The processing of mg-ti powder for hydrogen storage

Çakmak, Gülhan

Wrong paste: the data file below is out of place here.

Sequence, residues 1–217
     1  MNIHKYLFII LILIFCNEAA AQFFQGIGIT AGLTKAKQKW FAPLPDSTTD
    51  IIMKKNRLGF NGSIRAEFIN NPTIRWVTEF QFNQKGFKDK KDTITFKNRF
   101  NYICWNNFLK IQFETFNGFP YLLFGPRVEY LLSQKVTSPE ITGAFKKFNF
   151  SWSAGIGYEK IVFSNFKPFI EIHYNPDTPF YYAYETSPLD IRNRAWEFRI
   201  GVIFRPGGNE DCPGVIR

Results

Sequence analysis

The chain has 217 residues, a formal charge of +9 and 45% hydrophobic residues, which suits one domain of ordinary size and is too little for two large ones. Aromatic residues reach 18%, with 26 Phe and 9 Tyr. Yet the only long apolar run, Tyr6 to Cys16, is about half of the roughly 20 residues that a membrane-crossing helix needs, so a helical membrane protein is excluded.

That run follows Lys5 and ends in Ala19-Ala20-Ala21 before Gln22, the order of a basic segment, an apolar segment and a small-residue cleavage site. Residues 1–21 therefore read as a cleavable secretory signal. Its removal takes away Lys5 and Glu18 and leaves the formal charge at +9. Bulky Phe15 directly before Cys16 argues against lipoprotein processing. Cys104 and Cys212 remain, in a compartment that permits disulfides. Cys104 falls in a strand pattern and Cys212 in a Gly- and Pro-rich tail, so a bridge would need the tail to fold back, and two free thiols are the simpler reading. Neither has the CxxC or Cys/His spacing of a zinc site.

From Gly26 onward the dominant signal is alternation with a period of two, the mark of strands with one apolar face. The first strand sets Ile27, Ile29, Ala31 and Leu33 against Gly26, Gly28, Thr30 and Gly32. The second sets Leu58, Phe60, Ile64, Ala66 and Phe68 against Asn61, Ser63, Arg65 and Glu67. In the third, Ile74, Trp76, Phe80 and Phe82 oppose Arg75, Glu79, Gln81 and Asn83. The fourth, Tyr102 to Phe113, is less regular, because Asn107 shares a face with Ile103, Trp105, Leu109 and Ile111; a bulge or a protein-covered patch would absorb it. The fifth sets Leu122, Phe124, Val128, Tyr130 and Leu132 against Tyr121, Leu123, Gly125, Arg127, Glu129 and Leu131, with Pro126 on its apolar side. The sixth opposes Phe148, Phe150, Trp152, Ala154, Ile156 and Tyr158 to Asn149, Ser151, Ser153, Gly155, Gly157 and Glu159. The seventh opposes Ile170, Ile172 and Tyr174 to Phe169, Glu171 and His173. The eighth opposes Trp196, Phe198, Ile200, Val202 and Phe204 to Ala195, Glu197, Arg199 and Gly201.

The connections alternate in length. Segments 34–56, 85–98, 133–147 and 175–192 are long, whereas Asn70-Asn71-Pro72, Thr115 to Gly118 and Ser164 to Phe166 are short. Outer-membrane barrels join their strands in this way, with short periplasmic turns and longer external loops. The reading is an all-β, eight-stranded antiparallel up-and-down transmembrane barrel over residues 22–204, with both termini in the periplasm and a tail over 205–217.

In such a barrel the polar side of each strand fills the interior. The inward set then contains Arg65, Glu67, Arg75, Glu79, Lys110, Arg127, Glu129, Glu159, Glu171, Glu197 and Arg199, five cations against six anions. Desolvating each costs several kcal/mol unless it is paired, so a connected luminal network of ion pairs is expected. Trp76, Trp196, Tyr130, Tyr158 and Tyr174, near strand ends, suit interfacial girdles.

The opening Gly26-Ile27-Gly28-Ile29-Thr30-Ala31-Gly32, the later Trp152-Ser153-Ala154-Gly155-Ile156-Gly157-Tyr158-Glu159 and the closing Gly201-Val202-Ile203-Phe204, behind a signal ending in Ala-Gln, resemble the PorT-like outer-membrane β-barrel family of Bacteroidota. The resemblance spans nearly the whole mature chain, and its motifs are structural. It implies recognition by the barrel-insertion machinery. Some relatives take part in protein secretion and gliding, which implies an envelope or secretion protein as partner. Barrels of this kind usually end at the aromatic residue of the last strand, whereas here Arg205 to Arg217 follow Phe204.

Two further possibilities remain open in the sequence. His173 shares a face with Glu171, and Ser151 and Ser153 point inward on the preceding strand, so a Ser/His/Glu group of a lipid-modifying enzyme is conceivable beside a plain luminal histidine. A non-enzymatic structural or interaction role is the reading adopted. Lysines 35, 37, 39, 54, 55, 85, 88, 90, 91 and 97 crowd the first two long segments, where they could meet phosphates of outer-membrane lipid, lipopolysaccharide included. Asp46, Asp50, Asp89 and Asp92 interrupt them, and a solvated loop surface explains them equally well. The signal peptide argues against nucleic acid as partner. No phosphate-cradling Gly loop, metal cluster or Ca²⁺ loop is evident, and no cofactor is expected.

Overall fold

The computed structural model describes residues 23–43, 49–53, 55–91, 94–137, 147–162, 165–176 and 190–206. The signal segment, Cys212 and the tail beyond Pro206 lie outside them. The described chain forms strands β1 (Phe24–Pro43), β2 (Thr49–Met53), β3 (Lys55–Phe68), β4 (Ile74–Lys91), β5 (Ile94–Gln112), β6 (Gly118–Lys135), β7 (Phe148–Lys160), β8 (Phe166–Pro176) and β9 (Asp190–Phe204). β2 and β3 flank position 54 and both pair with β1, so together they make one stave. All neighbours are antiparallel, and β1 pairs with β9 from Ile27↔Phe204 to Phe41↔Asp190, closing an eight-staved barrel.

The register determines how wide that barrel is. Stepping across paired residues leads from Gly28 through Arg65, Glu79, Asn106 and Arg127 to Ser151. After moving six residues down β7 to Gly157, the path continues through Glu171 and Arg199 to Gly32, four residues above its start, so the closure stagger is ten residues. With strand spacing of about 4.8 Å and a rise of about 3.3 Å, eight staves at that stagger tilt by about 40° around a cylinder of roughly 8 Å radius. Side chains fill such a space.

A study was carried out on the selection of processing condition that would yield Mg-Ti with most favourable hydrogenation properties. Processing routes under consideration were; mechanical milling under inert atmosphere, reactive milling i.e. milling under hydrogen atmosphere, ECAP (equal channel angular pressing) and thermal plasma synthesis. Structure resulting from each of these processing routes was characterized with respect to size reduction, coherently diffracting volume and the distribution of Ti catalyst. Mechanical milling yielded a particulate structure made up of large Mg agglomerates with embedded Ti fragments with a uniform distribution. Mg agglomerates have sizes larger than 100 µm which arises as a result of a balance between cold welding process and ductile fracture. Repeated folding of Mg particles entraps Ti fragments inside the Mg agglomerates resulting in a very uniform distribution. Coherently diffracting volumes measured by X-ray Rietveld analysis have small sizes ca. 26 nm which implies that the agglomerates typically comprise 1011 crystallites. Mechanical milling under hydrogen, i.e. reactive milling, led to drastic reduction in particle size. Mg and Ti convert to MgH2 and TiH2 which are milled efficiently due to their brittleness resulting in particle sizes of sub-micron range. Hydrogenation experiments carried out on Mg-10 vol % Ti milled under argon yields enthalpy and entropy values of -76.74 kJ/mol-H2 and -138.64 J/K.mol-H2 for absorption and 66.54 kJ/mol H2 and 120.12 J/K.mol H2 for desorption, respectively. For 1 bar of hydrogen pressure, this corresponds to a hydrogen release temperature of 280 °C. This value is not far off the lowest desorption temperature reported for powder processed Mg based alloys. ECAP processing is a bulk process where the powders, consolidated in the first pass, have limited contact with atmosphere. This process which can be repeated many times lead to structural evolution similar to that of milling, but for efficient mixing of phases it was necessary to employ multi-pass deformation. An advantage of ECAP deformation is strain hardening of the consolidated powders which has improved milling ability. Based on this, a new route was proposed for the processing of ductile hydrogen storage alloys. This involves several passes of ECAP deformation carried out in open atmosphere and a final milling operation of short duration under inert atmosphere. The plasma processing yields Mg particles of extremely small size. Evaporation of Mg-Ti powder mixture and the subsequent condensation process yield Mg particles which are less than 100 nm. Ti particles, under the current experimental condition used, have irregular size distribution but some could be quite small, i.e. in the order of a few tens of nanometers. Of the four processing routes, it was concluded that both reactive milling and thermal plasma processing are well suited for the production of hydrogen storage alloys. Reactive milling yield particles in submicron range and plasma processing seems to be capable of yielding nanosize Mg particles which, potentially, could be decorated with even smaller Ti particles.